US20110073723A1 - Joint and foldable structures employing the same - Google Patents

Joint and foldable structures employing the same Download PDF

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US20110073723A1
US20110073723A1 US12889169 US88916910A US2011073723A1 US 20110073723 A1 US20110073723 A1 US 20110073723A1 US 12889169 US12889169 US 12889169 US 88916910 A US88916910 A US 88916910A US 2011073723 A1 US2011073723 A1 US 2011073723A1
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bracket
brackets
joint
stop
front end
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Abandoned
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US12889169
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Benjamin C. Ashpole
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Ashpole Benjamin C
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    • AHUMAN NECESSITIES
    • A47FURNITURE; DOMESTIC ARTICLES OR APPLIANCES; COFFEE MILLS; SPICE MILLS; SUCTION CLEANERS IN GENERAL
    • A47JKITCHEN EQUIPMENT; COFFEE MILLS; SPICE MILLS; APPARATUS FOR MAKING BEVERAGES
    • A47J37/00Baking; Roasting; Grilling; Frying
    • A47J37/06Roasters; Grills; Sandwich grills
    • A47J37/067Horizontally disposed broiling griddles
    • AHUMAN NECESSITIES
    • A47FURNITURE; DOMESTIC ARTICLES OR APPLIANCES; COFFEE MILLS; SPICE MILLS; SUCTION CLEANERS IN GENERAL
    • A47CCHAIRS; SOFAS; BEDS
    • A47C19/00Bedsteads
    • A47C19/02Parts or details of bedsteads not fully covered in a single one of the following subgroups, e.g. bed rails, post rails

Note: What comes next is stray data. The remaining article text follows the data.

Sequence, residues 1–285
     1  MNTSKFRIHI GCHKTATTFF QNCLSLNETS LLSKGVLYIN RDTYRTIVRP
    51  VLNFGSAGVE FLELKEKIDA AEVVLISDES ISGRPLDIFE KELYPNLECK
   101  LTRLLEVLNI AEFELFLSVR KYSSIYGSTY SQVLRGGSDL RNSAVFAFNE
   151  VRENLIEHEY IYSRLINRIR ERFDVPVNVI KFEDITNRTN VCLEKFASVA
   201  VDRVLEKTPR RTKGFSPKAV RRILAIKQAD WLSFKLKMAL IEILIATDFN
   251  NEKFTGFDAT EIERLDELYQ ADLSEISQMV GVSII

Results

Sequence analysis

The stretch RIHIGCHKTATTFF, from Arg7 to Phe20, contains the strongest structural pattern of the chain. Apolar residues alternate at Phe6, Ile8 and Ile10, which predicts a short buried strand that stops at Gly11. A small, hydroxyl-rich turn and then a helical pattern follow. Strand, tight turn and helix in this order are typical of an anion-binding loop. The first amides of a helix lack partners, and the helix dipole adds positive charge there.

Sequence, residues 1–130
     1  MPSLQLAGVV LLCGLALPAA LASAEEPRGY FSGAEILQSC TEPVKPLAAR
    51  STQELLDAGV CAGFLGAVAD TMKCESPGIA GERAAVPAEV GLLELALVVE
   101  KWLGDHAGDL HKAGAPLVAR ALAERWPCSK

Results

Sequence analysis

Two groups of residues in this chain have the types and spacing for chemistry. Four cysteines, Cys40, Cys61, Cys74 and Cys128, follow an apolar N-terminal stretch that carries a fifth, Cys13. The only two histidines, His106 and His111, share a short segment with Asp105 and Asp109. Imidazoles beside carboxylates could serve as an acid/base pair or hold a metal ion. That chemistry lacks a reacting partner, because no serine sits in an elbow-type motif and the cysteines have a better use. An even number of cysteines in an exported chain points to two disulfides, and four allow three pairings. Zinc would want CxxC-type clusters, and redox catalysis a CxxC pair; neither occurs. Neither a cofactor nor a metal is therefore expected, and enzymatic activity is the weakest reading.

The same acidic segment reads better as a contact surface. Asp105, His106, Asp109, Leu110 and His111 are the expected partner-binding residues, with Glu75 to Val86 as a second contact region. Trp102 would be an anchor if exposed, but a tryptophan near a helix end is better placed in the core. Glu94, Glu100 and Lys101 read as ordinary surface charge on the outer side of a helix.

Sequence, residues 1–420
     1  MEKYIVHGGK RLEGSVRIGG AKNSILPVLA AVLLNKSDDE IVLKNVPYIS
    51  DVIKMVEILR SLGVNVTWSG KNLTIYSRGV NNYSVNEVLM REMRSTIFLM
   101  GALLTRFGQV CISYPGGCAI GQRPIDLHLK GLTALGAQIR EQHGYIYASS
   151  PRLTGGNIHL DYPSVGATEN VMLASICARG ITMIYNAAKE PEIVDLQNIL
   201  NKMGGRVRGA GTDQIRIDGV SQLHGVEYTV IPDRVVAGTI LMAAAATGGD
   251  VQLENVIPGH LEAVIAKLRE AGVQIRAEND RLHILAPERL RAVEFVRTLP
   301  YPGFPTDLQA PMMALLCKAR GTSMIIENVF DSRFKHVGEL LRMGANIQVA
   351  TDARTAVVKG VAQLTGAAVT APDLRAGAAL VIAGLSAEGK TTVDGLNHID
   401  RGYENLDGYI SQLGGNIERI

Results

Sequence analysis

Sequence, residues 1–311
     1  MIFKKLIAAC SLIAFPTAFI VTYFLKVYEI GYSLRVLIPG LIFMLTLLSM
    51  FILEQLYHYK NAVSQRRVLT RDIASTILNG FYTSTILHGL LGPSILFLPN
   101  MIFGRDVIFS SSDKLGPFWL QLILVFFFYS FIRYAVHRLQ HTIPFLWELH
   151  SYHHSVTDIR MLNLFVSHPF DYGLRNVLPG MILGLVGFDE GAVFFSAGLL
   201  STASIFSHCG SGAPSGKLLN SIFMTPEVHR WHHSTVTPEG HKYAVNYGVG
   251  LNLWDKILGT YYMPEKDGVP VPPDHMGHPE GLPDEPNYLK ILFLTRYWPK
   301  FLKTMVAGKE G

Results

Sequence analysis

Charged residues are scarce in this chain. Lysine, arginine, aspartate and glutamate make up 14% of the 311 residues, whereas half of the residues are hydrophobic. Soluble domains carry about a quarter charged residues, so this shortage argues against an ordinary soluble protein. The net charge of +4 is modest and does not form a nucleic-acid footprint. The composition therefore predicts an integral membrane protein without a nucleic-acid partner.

• A47C19/021Bedstead frames
    • AHUMAN NECESSITIES
    • A47FURNITURE; DOMESTIC ARTICLES OR APPLIANCES; COFFEE MILLS; SPICE MILLS; SUCTION CLEANERS IN GENERAL
    • A47CCHAIRS; SOFAS; BEDS
    • A47C19/00Bedsteads
    • A47C19/12Folding bedsteads
    • AHUMAN NECESSITIES
    • A47FURNITURE; DOMESTIC ARTICLES OR APPLIANCES; COFFEE MILLS; SPICE MILLS; SUCTION CLEANERS IN GENERAL
    • A47CCHAIRS; SOFAS; BEDS
    • A47C4/00Foldable, collapsible or dismountable chairs
    • A47C4/04Folding chairs with inflexible seats
    • A47C4/18Folding chairs with inflexible seats having a frame made of metal
    • A47C4/20Folding chairs with inflexible seats having a frame made of metal with legs pivotably connected to seat or underframe
    • AHUMAN NECESSITIES
    • A47FURNITURE; DOMESTIC ARTICLES OR APPLIANCES; COFFEE MILLS; SPICE MILLS; SUCTION CLEANERS IN GENERAL
    • A47JKITCHEN EQUIPMENT; COFFEE MILLS; SPICE MILLS; APPARATUS FOR MAKING BEVERAGES
    • A47J37/00Baking; Roasting; Grilling; Frying
    • A47J37/06Roasters; Grills; Sandwich grills
    • A47J37/0694Broiling racks
    • AHUMAN NECESSITIES
    • A47FURNITURE; DOMESTIC ARTICLES OR APPLIANCES; COFFEE MILLS; SPICE MILLS; SUCTION CLEANERS IN GENERAL
    • A47JKITCHEN EQUIPMENT; COFFEE MILLS; SPICE MILLS; APPARATUS FOR MAKING BEVERAGES
    • A47J37/00Baking; Roasting; Grilling; Frying
    • A47J37/06Roasters; Grills; Sandwich grills
    • A47J37/07Roasting devices for outdoor use; Barbecues
    • EFIXED CONSTRUCTIONS
    • E04BUILDING
    • E04GSCAFFOLDING; FORMS; SHUTTERING; BUILDING IMPLEMENTS OR OTHER BUILDING AIDS, OR THEIR USE; HANDLING BUILDING MATERIALS ON THE SITE; REPAIRING, BREAKING-UP OR OTHER WORK ON EXISTING BUILDINGS
    • E04G1/00Scaffolds primarily resting on the ground
    • E04G1/34Scaffold constructions able to be folded in prismatic or flat parts or able to be turned down
    • EFIXED CONSTRUCTIONS
    • E04BUILDING